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Why DU's 4-year programme should not be implemented

Last updated on: April 23, 2013 13:39 IST

Why DU's 4-year programme should not be implemented

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Prof Saikat Ghosh, Department of English, SGBT Khalsa College, Delhi tells Divya Nair why vice chancellor Dinesh Singh must RECONSIDER implementing the Delhi University's four-year undergraduate programme in its current form and explains how the politically motivated decision will inconvenience students as opposed to benefiting them.

First and foremost, the Delhi University's Four Year Undergraduate Programme(FYUP) which will be implemented July 2013 onwards is clearly a dream project of the United Progressive Alliance.

It has been formulated in such a way that it will be in sync with the American system of education so that American universities can come and set shops in India.

The former minister of Human Resource Development Kapil Sibal had made annoucements about improving the Indian higher education system jointly with the US secretary of state Hillary Clinton at the first ever Indo-US Education Summit held at Washington DC in October 2011.

The current Vice Chancellor of the Delhi University Dinesh Singh is UPA's blue-eyed boy and Kapil Sibal's protege.

Dinesh Singh knows that he doesn't have to take responsibility for what happens to the Delhi University 10 or 15 years down the line. He is just looking at a short term immediate strategy.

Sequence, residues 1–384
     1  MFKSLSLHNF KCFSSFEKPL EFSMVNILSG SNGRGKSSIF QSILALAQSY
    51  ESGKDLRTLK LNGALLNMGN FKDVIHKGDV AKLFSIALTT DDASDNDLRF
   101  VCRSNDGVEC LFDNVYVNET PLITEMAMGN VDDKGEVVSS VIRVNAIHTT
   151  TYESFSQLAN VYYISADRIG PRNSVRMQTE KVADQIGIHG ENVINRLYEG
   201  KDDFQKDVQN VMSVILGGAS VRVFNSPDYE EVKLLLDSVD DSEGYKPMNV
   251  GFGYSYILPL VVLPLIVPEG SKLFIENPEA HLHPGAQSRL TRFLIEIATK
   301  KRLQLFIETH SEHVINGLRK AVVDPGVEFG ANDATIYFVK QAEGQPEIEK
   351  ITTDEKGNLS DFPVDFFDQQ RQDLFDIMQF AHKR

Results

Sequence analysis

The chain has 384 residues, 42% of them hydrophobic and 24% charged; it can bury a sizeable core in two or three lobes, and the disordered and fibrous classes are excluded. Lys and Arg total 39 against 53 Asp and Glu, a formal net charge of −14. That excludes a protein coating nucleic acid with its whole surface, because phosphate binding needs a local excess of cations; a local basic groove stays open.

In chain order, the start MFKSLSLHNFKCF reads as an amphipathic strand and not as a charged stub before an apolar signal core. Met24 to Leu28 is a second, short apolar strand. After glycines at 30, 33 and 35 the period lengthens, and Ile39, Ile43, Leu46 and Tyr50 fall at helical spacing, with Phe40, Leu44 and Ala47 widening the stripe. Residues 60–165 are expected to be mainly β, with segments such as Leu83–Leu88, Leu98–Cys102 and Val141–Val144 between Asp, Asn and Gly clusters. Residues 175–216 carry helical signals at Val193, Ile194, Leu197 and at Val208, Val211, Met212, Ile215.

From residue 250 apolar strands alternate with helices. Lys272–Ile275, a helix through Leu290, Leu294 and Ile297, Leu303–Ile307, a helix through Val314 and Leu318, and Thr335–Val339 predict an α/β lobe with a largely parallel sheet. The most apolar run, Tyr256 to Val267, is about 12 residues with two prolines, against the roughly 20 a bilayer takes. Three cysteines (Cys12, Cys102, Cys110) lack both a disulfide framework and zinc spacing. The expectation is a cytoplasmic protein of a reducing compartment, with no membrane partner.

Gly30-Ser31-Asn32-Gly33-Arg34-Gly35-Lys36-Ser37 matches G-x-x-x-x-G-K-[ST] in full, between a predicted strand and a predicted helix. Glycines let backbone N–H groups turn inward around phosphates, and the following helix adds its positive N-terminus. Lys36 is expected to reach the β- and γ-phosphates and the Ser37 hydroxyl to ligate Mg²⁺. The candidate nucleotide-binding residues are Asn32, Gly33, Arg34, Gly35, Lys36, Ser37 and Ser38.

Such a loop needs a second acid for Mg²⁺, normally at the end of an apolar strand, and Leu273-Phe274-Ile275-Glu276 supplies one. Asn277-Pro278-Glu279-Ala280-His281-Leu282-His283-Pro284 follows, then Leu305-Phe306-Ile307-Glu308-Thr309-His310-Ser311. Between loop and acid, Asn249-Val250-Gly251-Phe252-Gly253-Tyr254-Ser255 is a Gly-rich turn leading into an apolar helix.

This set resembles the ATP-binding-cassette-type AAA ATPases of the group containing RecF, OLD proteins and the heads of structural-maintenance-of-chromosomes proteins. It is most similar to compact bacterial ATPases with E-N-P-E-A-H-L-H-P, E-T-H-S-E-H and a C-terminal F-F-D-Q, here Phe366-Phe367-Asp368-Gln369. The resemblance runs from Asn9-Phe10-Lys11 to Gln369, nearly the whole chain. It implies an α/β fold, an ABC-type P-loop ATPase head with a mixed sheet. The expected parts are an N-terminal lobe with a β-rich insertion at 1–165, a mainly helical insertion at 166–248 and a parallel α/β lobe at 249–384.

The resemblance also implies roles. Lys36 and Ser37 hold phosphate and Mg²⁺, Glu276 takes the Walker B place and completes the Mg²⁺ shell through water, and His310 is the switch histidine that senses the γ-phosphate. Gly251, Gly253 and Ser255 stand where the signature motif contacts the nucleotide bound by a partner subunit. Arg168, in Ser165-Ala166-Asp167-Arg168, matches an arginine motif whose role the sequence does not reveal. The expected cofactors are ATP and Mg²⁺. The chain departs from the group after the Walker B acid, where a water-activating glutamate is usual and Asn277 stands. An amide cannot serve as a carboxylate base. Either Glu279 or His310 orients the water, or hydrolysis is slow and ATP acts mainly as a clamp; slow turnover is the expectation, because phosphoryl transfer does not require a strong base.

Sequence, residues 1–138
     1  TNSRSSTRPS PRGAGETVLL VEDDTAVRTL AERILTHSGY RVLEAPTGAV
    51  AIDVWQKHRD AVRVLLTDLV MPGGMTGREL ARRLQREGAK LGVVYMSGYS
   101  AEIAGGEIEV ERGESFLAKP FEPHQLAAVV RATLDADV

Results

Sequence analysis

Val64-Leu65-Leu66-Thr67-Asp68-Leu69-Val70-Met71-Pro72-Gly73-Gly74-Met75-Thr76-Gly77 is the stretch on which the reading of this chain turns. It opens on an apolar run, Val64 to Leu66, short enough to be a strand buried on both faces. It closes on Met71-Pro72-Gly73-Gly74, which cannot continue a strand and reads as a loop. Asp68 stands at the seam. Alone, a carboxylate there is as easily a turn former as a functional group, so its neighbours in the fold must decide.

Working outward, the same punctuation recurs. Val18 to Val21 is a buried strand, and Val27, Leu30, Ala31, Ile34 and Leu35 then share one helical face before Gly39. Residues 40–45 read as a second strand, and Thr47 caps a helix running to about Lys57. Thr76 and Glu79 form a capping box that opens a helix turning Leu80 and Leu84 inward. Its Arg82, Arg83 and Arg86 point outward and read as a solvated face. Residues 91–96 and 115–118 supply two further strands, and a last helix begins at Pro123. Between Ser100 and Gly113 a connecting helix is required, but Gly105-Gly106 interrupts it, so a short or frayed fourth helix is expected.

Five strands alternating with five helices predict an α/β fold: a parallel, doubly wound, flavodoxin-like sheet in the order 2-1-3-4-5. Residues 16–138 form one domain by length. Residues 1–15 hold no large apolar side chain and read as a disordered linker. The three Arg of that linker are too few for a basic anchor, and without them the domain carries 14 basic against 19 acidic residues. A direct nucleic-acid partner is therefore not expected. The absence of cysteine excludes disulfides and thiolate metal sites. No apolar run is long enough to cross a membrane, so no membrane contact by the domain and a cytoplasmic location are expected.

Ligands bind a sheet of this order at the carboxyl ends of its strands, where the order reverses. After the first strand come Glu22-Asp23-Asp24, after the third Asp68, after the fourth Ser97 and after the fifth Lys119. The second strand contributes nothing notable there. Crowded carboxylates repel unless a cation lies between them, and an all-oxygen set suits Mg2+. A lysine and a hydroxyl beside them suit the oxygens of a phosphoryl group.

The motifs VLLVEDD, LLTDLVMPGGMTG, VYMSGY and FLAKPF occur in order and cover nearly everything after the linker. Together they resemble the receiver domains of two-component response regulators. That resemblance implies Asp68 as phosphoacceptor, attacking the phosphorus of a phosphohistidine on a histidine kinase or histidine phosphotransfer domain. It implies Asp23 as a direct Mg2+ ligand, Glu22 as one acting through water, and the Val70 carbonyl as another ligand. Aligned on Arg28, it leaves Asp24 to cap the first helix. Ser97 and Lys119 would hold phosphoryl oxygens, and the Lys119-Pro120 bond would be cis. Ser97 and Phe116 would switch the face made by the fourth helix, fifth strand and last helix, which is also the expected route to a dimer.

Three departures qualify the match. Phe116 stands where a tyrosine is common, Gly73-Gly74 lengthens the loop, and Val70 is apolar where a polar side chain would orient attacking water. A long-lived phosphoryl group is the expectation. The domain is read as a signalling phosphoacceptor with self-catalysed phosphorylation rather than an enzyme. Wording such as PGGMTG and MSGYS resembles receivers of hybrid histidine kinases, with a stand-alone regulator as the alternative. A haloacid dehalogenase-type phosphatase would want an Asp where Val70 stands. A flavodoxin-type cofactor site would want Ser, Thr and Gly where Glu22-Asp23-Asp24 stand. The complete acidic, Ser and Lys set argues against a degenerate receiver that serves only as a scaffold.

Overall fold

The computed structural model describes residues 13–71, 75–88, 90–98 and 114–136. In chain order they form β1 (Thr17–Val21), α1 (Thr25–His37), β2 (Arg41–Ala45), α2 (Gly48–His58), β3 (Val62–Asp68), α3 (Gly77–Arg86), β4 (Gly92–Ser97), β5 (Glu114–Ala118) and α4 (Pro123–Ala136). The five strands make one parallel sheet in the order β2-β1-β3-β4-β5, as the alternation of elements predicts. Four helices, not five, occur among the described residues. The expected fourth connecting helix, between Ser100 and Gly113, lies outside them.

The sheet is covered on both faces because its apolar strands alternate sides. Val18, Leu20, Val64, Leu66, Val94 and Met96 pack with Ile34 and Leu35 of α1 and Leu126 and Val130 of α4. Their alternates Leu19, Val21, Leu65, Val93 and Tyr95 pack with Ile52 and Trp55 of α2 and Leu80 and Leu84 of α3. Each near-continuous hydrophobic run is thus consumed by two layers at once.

If he is going to implement it given the amount of opposition, I am sure he will be given a plum post in the coming years. But the VC is putting everything that is good about the Delhi University at stake to suit his personal needs.

The FYUP is nothing but a personal and purely selfish decision.

Let's take a look at the three-fold aim of the Four Year Undergraduate Programme.

1. It promises to bring an interdisciplinary approach to education

2. It will give the student more options to specialise in and

3. It will help improve employability skills.

Allow me to analyse these promises one by one.

Please click NEXT to continue reading...


Image: Professors, students and parents stand opposed to the four-year UG programme
Photographs: Save Delhi University campaign/Facebook

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Who will design the syllabus?

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The VC wants to introduce interdisciplinary courses in higher education.

Aren't the students at the DU already pursuing both concurrent and interdisciplinary courses which are relevant to their subject? Why has it suddenly lost relevance?

For the FYUP, the VC and his task force has recommended 11 foundation courses (FC) which seem to provide an interdisciplinary content. Let me elaborate what the problem here is.

Students who will be entering the first year must have already specialised in a particular stream in their Class 11 and 12.

If you look at the subjects offered under the foundation course (geography, history, psychology to name a few), you will realise that these are general subjects that are already taught at the Class 10 level.

In the FYUP, students in their first year will mostly be revising what they have already learnt which we believe is an utter waste of time and can be done away with.

We are also worried about the completely unnatural haste with which these courses have been asked to design by teachers who are mostly being forced into doing the same.

By now, most of you are aware that most teachers who have some understanding of what the new system entails stand opposed to the idea.

And if we have to go ahead with the new pattern, since most senior professors are out on strike, may I ask the VC, who are these professors who will be working with you to formulate the courses?

What is their credibility?